China Through the Eyes of an American High School Student

By Tim Bloom

chinahighschool2Madam Secretary, if you are reading this, I want to thank you wholeheartedly for the Department of State NSLI-Y program. I spent six weeks immersed in Chinese language, culture and society and cannot recommend the experience highly enough. When people ask me what I liked best about the program, I answer that there were three things that made it so great. The first was the other students in the program; they were from all over the country, from very different backgrounds, and were all very smart and really interesting. Some were first generation Americans, some had parents who worked for the Federal government, and some were from tiny towns in the Midwest and others from big cities in the South and on the West coast.  I now understand why diversity is something we should all try to have in our lives. People who are not the same as us can add different perspectives to every conversation. They see things differently, and those opinions can open your mind to ideas that are different than your own.

The second thing that made the experience so great was the Chinese language immersion, lessons, tutoring and cultural programs. While it was a lot of time in the classroom, it was OK because it is so hot in Shanghai over the summer that we all appreciated the excellent air conditioning! I had done a pre-trip language interview for placement in a language class and even though I had taken three years of Chinese at Greeley, the language is so hard to learn I really wasn’t conversant before the trip. I also did a post-trip interview to assess how much I had learned and I was amazed at how much better I could communicate. We heard a presentation from a Chinese filmmaker, had lunch at a culinary school and even did Tai Chi!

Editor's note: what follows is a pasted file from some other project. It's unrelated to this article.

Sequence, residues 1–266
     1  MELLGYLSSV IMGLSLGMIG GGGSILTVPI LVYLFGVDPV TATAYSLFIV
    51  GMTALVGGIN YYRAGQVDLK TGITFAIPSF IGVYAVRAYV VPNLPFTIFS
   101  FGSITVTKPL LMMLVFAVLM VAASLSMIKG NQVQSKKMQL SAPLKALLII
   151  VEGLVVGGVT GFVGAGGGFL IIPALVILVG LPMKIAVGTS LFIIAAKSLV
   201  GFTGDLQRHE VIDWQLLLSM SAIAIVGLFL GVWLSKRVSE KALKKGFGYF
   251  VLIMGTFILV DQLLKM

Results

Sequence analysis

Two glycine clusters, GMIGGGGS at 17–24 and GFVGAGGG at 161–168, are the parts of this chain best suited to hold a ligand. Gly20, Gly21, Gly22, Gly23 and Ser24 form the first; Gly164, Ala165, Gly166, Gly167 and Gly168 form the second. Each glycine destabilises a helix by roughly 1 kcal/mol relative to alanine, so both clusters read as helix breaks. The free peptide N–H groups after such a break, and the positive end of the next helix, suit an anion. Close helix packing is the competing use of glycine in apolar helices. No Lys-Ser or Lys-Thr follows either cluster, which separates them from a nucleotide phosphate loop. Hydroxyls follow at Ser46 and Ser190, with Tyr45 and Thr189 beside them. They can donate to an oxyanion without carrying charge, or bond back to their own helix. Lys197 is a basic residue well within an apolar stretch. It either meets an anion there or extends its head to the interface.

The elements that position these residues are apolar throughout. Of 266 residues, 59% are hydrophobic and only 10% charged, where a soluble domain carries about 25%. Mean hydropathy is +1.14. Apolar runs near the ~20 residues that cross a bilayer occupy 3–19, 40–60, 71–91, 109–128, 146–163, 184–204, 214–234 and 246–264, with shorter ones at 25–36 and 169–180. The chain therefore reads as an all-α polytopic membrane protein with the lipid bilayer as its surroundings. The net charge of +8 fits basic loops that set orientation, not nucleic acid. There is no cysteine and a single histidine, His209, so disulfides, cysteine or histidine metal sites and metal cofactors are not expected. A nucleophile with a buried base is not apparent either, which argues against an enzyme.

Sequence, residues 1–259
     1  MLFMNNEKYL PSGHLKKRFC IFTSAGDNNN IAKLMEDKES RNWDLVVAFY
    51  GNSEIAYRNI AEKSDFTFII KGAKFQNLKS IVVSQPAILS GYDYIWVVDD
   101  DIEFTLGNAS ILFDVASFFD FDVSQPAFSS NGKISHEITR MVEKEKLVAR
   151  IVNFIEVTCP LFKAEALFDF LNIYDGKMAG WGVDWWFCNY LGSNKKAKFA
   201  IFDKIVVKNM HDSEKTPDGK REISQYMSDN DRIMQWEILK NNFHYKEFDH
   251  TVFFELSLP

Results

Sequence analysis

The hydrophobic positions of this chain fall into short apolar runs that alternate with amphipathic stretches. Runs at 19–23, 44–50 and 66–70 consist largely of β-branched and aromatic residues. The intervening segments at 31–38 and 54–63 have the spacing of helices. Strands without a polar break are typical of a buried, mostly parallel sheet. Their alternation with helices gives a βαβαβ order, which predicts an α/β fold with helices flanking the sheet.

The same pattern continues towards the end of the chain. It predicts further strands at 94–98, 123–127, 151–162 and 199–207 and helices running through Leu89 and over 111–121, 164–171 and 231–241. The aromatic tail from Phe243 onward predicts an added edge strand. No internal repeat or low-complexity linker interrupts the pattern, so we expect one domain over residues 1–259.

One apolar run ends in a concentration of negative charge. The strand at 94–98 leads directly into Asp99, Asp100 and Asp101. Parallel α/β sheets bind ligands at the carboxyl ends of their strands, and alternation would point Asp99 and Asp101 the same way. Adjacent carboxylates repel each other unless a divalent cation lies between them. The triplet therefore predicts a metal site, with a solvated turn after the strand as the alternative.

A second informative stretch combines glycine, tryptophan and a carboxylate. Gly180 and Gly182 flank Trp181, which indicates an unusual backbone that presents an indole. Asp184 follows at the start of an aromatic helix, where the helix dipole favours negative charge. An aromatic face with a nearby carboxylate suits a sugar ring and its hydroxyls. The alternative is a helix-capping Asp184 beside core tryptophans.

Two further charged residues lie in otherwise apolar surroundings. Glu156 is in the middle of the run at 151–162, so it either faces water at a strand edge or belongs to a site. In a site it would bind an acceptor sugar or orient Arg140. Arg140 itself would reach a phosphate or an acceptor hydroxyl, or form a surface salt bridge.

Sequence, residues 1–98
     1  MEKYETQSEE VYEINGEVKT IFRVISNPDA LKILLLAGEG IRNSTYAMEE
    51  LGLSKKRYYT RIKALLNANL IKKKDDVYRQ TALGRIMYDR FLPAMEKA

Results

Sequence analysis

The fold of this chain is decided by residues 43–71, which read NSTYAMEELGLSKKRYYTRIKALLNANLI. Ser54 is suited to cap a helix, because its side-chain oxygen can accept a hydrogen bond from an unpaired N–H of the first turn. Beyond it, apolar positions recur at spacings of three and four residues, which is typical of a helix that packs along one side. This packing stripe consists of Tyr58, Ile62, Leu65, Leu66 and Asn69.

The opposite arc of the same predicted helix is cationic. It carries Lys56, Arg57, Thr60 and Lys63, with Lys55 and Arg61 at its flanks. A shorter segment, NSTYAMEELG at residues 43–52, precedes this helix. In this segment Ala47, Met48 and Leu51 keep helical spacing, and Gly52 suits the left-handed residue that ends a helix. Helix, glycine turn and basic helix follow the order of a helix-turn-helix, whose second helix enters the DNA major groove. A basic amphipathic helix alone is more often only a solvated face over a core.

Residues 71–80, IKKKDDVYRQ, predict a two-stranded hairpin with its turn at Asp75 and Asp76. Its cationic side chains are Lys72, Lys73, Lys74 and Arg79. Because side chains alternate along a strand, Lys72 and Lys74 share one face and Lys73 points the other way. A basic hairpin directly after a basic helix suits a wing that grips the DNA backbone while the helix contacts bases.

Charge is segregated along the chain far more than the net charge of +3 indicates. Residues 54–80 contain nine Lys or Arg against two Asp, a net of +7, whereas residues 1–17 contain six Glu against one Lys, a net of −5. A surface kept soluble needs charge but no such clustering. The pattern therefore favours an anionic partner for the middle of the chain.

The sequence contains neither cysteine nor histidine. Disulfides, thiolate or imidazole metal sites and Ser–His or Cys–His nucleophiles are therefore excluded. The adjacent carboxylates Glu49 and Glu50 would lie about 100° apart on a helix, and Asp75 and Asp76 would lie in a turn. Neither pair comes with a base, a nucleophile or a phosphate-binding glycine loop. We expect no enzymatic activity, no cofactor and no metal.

The third element that made the trip so great was the home stay. For most of the trip I lived in a dorm with a roommate and the other students on the same floor. But for two weeks I moved in with a Chinese family. I lived in my own room in their apartment, ate breakfast and dinner with them every day, went shopping with them, watched TV with them and sometimes just sat and talked about life in the US and life in China. We even made dinner together, and I learned how to make traditional Chinese dumplings, totally different as the kind we eat in American Chinese restaurants.

Gaining Perspective
I learned that families are really not that different in other countries. My Chinese family tried to make time every day to sit and talk to each other, they took turns preparing and cleaning up dinner, and they worried about their son in the same way American parents worry about their kids.

China is an amazing country. While I spent most of my time in Shanghai and Beijing, I am hoping to go back soon so I can continue to study Mandarin and see even more of this country of 1.3 billion people. It’s the kind of place that will feel different every time you visit and every person you meet will give you another perspective on what China is really like.

Tim Bloom is a senior at Horace Greeley High School.

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